I’m so excited to be back at Romance Junkies! I was here in October talking about my debut novel, Triple Threat, and it’s hard to believe I’m already back talking about the second book in the Art of Seduction series, Triple Time.
Last time around, I talked about my love for theater and how it led to writing Triple Threat. While theater is a huge part of my life, I couldn’t use it as a backdrop for every book (no matter how much I might want to). But I like to draw on my everyday experiences in my books. I think it gives them a sense of authenticity (and cuts down on the research, that’s for sure). So when it came time to write Triple Time, I looked to another facet of my busy life: law.
Although my nights are spent writing romance, my days are spent drafting legal briefs as a senior assistant state’s attorney (what most states call a district attorney). I specialize in appeals, which means that I don’t do trial work, like on Law and Order. Instead, it’s mostly writing, with the occasional court appearance where I argue not in front of a jury but in front of a panel of judges. Like my nights, most of my days are spent behind a computer, clacking away.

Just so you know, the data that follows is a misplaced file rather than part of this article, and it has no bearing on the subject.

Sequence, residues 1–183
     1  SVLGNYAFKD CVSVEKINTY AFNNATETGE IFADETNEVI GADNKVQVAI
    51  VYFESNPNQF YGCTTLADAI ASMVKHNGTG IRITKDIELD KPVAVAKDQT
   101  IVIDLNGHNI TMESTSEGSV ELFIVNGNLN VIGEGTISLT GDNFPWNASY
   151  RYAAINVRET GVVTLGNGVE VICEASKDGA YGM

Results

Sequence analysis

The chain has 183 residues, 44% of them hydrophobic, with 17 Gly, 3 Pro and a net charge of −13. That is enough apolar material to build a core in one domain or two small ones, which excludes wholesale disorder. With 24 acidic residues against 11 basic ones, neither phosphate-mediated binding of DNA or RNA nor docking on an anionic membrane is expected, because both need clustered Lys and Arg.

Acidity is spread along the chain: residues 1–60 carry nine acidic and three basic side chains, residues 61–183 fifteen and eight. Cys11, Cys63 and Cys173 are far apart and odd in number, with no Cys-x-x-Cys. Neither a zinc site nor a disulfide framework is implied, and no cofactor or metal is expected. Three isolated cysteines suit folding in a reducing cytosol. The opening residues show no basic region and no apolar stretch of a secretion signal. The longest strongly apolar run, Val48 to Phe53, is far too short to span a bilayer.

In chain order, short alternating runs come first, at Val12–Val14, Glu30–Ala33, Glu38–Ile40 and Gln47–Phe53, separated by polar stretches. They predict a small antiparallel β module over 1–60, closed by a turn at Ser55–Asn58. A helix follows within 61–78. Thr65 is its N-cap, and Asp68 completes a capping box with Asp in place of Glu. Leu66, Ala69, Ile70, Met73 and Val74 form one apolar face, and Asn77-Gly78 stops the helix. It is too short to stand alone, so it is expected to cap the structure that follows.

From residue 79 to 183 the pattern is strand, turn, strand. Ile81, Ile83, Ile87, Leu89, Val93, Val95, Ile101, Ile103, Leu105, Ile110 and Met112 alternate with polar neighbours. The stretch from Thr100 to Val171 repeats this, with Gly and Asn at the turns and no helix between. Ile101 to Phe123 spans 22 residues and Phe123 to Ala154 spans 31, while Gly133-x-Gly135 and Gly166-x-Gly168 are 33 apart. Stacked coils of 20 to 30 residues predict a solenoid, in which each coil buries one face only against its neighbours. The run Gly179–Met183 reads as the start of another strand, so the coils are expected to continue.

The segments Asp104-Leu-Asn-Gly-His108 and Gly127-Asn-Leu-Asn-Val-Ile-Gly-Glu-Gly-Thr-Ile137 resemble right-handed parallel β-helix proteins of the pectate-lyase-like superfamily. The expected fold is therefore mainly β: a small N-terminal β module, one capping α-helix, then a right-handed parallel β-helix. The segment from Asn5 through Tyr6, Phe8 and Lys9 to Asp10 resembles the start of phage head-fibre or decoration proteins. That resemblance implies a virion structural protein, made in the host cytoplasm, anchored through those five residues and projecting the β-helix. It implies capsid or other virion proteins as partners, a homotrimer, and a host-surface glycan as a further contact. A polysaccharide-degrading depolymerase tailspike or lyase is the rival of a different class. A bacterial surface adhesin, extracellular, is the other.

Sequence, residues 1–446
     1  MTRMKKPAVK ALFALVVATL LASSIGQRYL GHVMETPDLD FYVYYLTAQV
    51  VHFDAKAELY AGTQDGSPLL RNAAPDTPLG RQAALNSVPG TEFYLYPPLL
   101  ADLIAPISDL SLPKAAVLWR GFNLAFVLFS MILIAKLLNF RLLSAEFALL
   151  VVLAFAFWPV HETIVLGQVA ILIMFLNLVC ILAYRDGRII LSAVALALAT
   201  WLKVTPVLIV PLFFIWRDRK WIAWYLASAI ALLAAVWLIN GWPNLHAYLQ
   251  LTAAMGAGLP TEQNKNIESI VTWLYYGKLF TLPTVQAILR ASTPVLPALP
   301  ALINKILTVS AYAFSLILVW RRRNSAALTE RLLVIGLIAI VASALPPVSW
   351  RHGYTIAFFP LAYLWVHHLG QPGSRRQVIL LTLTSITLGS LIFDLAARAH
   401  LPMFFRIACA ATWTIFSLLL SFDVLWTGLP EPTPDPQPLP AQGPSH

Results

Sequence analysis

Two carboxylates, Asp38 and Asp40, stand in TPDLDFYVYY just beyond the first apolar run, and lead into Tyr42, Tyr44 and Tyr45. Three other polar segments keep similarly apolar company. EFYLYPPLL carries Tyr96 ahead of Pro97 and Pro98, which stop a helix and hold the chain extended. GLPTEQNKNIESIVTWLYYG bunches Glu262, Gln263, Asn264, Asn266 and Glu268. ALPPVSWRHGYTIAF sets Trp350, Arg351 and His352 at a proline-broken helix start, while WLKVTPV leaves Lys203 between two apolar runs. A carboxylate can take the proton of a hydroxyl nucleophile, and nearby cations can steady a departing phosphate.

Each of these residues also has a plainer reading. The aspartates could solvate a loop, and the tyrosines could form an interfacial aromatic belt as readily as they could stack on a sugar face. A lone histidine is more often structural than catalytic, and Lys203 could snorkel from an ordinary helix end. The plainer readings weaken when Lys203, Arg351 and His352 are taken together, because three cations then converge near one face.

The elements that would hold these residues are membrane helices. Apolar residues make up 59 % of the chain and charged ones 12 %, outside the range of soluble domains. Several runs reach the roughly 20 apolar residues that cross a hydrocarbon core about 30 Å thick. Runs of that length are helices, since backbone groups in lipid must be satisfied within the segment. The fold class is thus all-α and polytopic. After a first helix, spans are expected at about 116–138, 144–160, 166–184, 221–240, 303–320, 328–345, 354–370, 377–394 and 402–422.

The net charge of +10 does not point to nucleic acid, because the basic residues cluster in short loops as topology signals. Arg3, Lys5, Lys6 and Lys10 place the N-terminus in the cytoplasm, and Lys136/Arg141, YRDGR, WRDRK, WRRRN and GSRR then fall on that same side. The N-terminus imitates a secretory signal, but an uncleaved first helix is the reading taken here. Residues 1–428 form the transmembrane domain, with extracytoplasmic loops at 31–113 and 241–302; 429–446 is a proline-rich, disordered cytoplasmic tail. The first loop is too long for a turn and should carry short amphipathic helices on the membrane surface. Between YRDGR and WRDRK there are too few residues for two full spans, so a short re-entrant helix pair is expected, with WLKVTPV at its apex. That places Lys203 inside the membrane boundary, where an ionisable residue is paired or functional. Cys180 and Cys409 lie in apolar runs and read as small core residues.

I really do enjoy being an appellate lawyer (most days LOL). It’s a different kind of writing than romance, that’s for sure. But it’s still about using words wisely, to maximum effect, like I learned to do as a journalism major in college.
In Triple Time, hero Gabe Nelson gets all my lawyerly qualities. Like me, he’s a prosecutor, although he does high-level, high-pressure trial work. And he has high aspirations; he wants to run for the top spot in the district attorney’s office (I’m perfectly content toiling away in anonymity, thank you).
I’ve always seen Gabe as a combination of my favorite fictional lawyer of all time, Atticus Finch in To Kill a Mockingbird, and Alex P. Keaton, Michael J. Fox’s character in the old TV show Family Ties. Sure, he’s a little bit on the stuffy side, like Alex. But he’s also a passionate defender of justice, one of the true good guys who believes in the system and is as concerned about freeing the innocent as he is about convicting the guilty. A lot like Atticus, even though he sits on the other side of the courtroom. I really enjoyed creating Gabe as a character, putting him through hell, and watching him grow.